A senior Tory minister has claimed nobody “had any idea” about the impact of the Northern Ireland protocol before Britain quit the European Union.
Business Secretary Kwasi Kwarteng said ministers have looked at the protocol since the UK formally severed ties with Brussels and concluded that the agreement is “not satisfactory as it is”.
The protocol, part of the Brexit divorce deal agreed by the UK and Brussels, effectively keeps Northern Ireland in the EU’s single market for goods.
This means checks on goods being sent from Great Britain into the single market – and in some cases could result in prohibitions on certain products that do not comply with EU rules.
The protocol was put in place to ensure there would be no hard border with Ireland, but it has instead effectively placed a trade barrier in the Irish Sea.
‘It’s not written in stone’
Speaking to Sky News on Thursday morning, Kwarteng said: “We want to be in a situation where we can actually renegotiate it. The Northern Ireland protocol isn’t written in stone, it’s not something that was going to last forevermore.”
Despite a host of warnings about how the protocol would impact the province, Kwarteng insisted “nobody could guarantee what would happen until it actually happened that we’ve left the EU.”
#KayBurley – The British Govt want to renegotiate the deal with the EU… why don't we just honour the deal now?— Haggis_UK 🇬🇧 🇪🇺 (@Haggis_UK) July 22, 2021
Kwasi Kwarteng – Nobody had any idea of the actual effects of the NI protocol … the NIP isn't written in stone…
KB – 3 previous PMs warned this would happen pic.twitter.com/C3iyOXvnkL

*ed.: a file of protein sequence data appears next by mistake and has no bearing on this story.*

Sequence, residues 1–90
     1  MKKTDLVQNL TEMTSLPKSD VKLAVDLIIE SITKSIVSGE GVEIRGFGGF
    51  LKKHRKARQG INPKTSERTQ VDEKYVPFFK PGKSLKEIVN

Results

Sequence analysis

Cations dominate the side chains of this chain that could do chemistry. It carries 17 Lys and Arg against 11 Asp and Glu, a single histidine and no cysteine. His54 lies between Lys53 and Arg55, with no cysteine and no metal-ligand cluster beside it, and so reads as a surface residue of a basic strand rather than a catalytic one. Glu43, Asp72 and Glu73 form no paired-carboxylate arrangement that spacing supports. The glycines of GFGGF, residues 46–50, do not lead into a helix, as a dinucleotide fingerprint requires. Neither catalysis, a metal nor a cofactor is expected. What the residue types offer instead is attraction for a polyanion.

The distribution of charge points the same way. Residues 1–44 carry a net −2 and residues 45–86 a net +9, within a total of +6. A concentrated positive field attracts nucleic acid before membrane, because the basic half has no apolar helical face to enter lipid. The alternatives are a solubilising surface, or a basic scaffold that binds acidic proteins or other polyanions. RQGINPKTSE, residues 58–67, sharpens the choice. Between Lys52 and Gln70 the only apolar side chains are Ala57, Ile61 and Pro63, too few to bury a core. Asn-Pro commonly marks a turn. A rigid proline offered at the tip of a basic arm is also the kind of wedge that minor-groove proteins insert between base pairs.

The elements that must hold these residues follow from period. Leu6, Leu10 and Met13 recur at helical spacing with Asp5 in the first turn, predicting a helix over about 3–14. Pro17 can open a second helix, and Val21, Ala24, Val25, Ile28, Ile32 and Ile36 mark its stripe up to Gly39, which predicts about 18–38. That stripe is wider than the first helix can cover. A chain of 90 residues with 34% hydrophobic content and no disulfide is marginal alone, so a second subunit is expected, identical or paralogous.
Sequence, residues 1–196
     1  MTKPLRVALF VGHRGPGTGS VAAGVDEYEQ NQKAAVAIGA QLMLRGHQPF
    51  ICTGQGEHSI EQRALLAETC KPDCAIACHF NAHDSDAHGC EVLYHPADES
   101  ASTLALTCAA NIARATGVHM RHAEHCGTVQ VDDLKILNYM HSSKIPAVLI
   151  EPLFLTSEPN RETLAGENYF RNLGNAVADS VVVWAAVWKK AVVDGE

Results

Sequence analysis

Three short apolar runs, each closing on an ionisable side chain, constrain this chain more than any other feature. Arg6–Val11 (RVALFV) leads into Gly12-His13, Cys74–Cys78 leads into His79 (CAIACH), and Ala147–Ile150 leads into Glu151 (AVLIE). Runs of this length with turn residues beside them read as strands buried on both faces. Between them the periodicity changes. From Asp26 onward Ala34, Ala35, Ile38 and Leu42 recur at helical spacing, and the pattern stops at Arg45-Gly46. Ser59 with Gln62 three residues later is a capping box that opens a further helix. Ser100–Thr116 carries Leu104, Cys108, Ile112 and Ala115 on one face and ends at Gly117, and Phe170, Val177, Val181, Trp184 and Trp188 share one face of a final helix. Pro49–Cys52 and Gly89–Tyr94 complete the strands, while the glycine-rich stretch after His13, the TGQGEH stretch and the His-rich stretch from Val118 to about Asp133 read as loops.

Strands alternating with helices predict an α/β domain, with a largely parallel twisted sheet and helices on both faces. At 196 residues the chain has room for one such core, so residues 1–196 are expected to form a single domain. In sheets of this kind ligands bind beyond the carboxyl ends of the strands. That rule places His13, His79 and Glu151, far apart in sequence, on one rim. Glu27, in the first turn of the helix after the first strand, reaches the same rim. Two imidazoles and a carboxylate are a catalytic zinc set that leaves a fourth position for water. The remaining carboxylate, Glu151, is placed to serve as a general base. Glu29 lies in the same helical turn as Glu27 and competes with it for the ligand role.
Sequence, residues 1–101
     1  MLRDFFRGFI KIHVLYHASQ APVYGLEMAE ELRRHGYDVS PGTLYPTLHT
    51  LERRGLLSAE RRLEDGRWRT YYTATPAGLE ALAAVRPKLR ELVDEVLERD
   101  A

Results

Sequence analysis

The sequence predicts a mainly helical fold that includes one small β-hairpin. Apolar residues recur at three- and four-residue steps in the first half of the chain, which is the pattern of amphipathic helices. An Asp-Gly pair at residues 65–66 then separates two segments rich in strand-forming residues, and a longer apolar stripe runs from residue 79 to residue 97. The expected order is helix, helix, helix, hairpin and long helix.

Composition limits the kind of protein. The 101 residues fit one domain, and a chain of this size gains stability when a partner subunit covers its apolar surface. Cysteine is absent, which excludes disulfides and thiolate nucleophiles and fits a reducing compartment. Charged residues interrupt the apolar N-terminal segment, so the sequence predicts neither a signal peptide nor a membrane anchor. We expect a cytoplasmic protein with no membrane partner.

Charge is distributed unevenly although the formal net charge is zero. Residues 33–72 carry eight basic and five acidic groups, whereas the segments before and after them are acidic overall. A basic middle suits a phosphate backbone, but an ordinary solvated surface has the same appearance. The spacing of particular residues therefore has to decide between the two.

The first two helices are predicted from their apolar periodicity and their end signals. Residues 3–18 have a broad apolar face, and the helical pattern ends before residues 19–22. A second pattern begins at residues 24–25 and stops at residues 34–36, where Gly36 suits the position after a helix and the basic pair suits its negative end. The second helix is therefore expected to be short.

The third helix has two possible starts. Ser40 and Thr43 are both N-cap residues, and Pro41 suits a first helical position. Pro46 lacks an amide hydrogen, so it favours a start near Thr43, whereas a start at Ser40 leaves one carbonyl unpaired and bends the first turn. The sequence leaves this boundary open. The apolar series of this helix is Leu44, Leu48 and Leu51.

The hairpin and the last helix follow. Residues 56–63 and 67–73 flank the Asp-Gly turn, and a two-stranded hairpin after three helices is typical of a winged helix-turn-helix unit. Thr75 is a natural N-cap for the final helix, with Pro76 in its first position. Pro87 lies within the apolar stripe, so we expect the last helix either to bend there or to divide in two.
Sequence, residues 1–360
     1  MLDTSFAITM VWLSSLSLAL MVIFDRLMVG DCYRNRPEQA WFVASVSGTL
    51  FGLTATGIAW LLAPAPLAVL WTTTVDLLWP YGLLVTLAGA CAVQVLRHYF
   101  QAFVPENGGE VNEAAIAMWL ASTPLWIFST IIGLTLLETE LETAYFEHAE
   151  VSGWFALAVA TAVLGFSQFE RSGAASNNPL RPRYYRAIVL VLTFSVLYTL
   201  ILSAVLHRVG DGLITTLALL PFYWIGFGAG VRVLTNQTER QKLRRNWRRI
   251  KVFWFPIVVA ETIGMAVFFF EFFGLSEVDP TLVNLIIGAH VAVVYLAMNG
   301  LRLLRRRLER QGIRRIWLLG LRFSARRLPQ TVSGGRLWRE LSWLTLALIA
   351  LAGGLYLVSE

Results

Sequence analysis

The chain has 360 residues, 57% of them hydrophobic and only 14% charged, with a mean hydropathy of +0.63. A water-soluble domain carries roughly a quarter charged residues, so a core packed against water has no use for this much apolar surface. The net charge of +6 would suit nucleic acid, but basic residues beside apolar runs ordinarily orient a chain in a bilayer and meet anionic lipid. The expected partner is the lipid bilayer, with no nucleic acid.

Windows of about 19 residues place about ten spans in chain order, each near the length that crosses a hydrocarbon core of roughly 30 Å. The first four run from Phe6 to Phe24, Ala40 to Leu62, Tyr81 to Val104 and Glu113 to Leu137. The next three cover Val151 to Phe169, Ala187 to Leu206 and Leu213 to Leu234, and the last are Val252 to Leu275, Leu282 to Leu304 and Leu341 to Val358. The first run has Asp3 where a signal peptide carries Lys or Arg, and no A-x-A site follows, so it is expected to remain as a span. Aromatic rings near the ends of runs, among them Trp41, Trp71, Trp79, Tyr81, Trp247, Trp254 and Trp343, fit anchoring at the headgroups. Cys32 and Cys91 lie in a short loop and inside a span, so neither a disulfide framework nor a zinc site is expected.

Kwarteng suggested that the EU “is a bit inflexible” on the protocol – and claimed the government wants to see if they can “make it work more smoothly”.
He added: “A deal is a deal but it wasn’t something that was going to last forever.
“You’ll remember two years ago people said we were never going to get a deal from the EU but we did so. When people say they’re not going to look at the protocol again, I say ‘well, let’s just see’.”
Speaking in the House of Lords yesterday, Lord Frost – the Brexit minister – said “we cannot go on as we are” but held back – for now – from taking the dramatic step of effectively suspending parts of the deal, even though he claimed the UK would be justified to do so.
He warned the “purist” way the Northern Ireland Protocol was being implemented was causing economic and societal damage – and called for a “standstill” period maintaining existing grace periods allowing the flow of goods from Great Britain to Northern Ireland.
But he also said his plans to resolve the difficulties would require a “significant change to the Northern Ireland protocol” and “we do not shy away from that”.
Big no from Brussels
Frost’s proposals were given short shrift by Brussels, with European Commission vice-president Maros Sefcovic flatly rejecting the UK’s call for a renegotiaton.
“We will continue to engage with the UK, also on the suggestions made today,” he said. “We are ready to continue to seek creative solutions, within the framework of the protocol, in the interest of all communities in Northern Ireland. However, we will not agree to a renegotiation of the protocol.”
In April this year, EU officials voiced their concerns that the UK would not respect post-Brexit agreements.
Austrian MEP Andreas Schieder, rapporteur for the Committee on Foreign Affairs, told a meeting: “Only a partnership in which both sides stick to their commitments has a future”.
The European Parliament had condemned the UK’s “unilateral actions”, which they said were “in breach of the Withdrawal Agreement”.
In April, MEPs also called on the UK government to “act in good faith and fully implement the terms of the agreements which it has signed’ – including the protocol.